A major earthquake hit Japan’s Kashiwazaki Kariwa nuclear power plant this week. That should give pause to those who advocate looking to nuclear power as concerns about global warming escalate.
On July 16, an earthquake measuring 6.8 on the Richter scale struck near the facility, the world’s largest in terms of output capacity. What came next included a fire, leakage of water containing radioactive material into the sea, and a spill of low-level radioactive waste. The plant is now closed indefinitely.
The facility on Japan’s western coast was built to withstand a quake of magnitude 6.5. An official of the Tokyo Electric Power Co., which manages the plant, said designers did not anticipate a larger quake. “After looking at aftershock location data,” he added, “we have come to realize a fault lies right below the plant.”
Beyond the ongoing issues of safely operating individual nuclear power plants looms the elephant in the room — what to do with the huge amounts of nuclear waste generated even by today’s facilities, let alone tomorrow’s.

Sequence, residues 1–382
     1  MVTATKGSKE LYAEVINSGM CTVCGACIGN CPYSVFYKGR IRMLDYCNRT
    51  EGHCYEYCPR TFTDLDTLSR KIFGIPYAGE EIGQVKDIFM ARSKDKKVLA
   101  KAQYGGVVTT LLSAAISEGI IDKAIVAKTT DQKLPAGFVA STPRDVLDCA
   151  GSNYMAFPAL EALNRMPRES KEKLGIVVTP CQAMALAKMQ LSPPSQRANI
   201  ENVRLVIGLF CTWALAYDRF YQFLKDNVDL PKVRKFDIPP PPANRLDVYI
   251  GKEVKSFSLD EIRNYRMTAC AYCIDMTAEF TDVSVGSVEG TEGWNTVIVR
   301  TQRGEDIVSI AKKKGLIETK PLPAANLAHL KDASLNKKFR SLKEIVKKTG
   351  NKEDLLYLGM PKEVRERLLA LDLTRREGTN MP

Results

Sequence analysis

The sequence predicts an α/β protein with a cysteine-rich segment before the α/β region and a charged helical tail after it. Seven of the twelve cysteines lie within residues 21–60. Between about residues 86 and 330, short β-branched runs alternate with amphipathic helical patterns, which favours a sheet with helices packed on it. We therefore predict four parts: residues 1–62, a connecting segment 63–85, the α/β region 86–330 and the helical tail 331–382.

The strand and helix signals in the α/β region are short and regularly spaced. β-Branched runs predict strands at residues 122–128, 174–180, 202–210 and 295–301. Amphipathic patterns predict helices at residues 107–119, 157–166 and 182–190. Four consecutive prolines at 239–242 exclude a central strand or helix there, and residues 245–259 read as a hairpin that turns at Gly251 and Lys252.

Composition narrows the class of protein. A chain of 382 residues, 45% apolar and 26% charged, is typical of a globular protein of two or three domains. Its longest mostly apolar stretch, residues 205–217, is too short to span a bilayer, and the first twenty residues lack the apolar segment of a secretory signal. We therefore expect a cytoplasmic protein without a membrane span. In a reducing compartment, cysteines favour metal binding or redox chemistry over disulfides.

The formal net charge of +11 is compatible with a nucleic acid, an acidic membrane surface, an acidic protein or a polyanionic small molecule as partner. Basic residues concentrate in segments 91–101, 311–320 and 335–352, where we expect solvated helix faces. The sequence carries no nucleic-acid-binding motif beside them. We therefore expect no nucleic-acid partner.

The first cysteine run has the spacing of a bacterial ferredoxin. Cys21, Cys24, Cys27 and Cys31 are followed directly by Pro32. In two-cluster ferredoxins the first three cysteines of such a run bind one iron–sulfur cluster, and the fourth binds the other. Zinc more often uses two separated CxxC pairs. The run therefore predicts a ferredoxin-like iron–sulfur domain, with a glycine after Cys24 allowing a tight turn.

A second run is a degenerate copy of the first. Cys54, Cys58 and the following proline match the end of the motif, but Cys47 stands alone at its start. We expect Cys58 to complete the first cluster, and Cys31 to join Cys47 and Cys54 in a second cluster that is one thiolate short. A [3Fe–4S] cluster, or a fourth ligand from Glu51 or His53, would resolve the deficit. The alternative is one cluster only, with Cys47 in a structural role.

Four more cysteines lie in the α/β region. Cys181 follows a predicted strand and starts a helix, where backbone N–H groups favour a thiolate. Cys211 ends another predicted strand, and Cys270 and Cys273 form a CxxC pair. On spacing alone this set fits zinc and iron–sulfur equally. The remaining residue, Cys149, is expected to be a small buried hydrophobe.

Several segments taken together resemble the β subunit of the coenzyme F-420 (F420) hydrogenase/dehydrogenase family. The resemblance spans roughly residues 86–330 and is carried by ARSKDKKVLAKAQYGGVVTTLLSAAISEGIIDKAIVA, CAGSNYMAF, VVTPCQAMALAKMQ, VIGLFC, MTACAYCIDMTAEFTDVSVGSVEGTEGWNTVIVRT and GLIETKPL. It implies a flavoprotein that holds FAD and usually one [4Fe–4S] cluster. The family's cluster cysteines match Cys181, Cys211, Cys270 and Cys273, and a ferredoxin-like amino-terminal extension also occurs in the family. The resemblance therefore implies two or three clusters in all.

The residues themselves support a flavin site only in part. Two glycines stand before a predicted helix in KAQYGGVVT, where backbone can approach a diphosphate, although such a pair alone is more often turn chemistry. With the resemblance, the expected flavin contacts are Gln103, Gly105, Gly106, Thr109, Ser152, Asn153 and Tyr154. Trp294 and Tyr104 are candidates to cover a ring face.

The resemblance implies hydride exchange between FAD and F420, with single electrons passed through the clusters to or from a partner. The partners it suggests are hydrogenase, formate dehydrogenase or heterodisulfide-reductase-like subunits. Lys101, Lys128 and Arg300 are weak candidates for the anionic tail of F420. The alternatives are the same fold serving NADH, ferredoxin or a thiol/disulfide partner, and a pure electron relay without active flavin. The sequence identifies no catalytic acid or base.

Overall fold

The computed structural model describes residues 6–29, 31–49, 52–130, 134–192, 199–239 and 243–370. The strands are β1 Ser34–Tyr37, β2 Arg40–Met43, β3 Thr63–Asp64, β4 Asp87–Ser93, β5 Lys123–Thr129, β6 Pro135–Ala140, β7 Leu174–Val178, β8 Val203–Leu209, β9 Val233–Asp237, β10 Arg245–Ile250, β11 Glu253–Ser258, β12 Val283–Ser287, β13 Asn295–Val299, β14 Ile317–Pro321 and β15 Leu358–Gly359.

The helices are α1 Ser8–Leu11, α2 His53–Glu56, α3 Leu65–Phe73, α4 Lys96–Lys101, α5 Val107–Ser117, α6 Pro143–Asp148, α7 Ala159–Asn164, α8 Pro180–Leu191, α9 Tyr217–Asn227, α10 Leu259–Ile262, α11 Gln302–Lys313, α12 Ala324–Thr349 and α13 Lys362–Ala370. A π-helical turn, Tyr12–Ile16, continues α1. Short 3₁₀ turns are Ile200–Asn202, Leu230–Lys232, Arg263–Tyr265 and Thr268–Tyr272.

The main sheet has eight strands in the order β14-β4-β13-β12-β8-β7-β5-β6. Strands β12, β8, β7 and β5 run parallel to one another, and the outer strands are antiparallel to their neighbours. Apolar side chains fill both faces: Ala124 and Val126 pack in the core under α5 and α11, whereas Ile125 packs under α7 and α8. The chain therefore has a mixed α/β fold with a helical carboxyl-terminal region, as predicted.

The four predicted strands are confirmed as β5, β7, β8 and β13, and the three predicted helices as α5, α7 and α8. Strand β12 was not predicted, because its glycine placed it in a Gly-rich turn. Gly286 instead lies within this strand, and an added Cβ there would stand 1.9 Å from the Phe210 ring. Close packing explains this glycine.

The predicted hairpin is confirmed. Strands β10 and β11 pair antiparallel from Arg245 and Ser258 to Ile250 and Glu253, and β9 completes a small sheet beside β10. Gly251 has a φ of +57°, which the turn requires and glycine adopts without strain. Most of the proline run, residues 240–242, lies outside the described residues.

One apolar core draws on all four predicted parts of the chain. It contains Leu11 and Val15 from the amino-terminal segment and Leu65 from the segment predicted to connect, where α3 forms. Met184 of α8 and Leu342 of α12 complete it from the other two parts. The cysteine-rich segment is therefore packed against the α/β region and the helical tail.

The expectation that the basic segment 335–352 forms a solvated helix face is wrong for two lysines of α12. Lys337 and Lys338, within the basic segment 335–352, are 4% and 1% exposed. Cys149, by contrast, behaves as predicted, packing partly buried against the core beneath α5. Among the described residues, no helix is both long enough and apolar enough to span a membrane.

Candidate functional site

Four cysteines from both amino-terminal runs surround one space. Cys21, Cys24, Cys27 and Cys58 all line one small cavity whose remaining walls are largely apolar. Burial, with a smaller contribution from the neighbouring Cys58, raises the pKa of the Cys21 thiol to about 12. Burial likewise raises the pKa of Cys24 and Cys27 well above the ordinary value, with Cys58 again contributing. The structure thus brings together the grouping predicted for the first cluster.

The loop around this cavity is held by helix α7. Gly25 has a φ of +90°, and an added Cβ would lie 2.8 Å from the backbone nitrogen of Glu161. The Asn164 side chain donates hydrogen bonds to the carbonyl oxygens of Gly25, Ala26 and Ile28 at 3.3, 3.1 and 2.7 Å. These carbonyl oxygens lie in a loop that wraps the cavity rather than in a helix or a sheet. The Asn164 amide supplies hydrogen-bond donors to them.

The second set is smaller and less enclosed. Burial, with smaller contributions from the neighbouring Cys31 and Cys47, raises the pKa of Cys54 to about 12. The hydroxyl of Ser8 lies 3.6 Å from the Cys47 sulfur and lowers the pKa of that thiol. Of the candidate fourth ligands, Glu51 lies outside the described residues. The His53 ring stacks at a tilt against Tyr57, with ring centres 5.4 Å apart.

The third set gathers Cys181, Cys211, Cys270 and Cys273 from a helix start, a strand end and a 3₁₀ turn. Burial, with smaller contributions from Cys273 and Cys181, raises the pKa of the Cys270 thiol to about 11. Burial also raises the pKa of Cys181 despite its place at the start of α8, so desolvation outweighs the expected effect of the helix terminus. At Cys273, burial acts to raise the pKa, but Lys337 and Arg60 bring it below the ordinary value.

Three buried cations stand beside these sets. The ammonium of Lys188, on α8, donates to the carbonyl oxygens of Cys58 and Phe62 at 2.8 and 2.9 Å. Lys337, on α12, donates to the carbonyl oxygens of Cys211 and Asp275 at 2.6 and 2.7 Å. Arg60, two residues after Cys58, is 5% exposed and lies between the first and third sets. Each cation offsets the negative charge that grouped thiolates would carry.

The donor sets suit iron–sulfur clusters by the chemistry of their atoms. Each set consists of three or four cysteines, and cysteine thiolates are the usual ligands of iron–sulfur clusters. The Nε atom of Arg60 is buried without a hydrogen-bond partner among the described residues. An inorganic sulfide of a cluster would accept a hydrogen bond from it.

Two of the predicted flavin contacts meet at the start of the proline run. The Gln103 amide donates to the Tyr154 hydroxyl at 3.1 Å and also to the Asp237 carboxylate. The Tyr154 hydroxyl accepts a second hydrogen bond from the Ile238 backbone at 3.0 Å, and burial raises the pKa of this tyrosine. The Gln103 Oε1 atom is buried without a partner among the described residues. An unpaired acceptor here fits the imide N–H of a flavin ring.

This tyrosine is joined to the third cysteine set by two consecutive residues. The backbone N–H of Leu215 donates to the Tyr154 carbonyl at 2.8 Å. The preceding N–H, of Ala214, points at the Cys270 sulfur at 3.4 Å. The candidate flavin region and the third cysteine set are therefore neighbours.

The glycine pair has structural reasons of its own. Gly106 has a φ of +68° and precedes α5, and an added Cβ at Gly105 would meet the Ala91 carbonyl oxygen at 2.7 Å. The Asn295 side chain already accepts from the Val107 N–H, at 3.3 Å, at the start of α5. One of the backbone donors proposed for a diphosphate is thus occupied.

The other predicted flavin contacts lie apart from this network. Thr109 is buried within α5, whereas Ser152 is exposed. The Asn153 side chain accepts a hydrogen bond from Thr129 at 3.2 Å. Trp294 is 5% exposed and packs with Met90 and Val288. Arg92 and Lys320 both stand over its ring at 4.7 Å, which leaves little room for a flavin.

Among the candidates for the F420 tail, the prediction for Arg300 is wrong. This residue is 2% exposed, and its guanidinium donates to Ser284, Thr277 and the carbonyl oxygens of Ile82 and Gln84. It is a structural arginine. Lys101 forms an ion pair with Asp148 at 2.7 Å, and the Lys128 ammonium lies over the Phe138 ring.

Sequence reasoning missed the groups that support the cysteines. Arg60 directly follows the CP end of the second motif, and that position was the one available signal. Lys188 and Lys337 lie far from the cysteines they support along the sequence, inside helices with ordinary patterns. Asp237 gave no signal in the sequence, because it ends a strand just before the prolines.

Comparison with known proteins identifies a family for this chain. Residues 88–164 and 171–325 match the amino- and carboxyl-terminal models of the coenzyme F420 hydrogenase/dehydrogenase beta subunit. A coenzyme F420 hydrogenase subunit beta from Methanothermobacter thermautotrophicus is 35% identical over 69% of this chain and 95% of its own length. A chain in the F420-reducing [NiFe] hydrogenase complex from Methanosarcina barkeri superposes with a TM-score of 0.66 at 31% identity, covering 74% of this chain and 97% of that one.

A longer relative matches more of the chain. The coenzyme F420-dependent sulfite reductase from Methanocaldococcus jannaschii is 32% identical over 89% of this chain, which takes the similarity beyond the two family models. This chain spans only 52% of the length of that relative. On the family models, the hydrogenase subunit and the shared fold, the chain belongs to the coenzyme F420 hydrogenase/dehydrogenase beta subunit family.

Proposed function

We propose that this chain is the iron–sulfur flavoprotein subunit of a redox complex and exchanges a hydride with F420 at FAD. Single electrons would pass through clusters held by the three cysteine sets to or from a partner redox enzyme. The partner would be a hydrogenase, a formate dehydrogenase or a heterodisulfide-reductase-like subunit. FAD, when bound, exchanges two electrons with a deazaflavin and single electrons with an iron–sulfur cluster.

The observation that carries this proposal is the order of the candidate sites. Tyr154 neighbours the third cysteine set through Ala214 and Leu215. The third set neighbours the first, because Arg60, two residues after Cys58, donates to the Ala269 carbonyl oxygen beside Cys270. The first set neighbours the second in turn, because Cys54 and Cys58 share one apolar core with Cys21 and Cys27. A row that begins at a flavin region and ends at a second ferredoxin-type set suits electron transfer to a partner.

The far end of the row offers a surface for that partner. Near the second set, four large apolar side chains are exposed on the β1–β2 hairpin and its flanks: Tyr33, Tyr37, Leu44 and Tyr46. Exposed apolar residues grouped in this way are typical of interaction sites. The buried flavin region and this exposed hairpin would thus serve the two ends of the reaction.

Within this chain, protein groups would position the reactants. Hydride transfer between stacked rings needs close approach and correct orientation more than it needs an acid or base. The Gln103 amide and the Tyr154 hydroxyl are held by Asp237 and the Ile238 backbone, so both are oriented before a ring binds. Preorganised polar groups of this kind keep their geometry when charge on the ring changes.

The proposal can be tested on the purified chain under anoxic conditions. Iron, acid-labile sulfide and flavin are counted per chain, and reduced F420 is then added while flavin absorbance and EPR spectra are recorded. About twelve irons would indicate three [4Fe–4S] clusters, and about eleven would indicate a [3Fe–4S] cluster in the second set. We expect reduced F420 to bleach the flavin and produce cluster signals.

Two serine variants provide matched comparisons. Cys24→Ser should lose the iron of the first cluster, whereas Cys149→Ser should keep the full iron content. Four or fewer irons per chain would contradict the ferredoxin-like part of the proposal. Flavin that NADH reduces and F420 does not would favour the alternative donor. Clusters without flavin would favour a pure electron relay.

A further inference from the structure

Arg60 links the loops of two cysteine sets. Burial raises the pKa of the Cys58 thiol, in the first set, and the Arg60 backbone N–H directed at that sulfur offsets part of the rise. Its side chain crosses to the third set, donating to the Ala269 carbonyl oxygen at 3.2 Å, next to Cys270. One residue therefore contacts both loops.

Three decades ago the U.S. government started studying Nevada’s Yucca Mountain as a possible national nuclear waste dump. In 2002 President Bush signed a bill to make Yucca Mountain the country’s central repository for nuclear waste.
But both the Western Shoshone Nation, on whose land the mountain sits, and the people and government of Nevada, including its Republican governor and attorney general, have fought the proposal tooth and nail.
The Western Shoshone say waste already generated by nuclear power and nuclear weapons facilities would more than fill Yucca Mountain’s planned capacity, even without the future output of existing and prospective plants. They also point out that the waste is lethal for 10,000 years and dangerous for 250,000 years, and that the proposed dump is near several local fault lines and a volcano.
Real clean energy alternatives are out there, including solar, wind and geothermal power. Isn’t it time to turn away from nuclear power, as well as nuclear weapons, and seek a truly green future?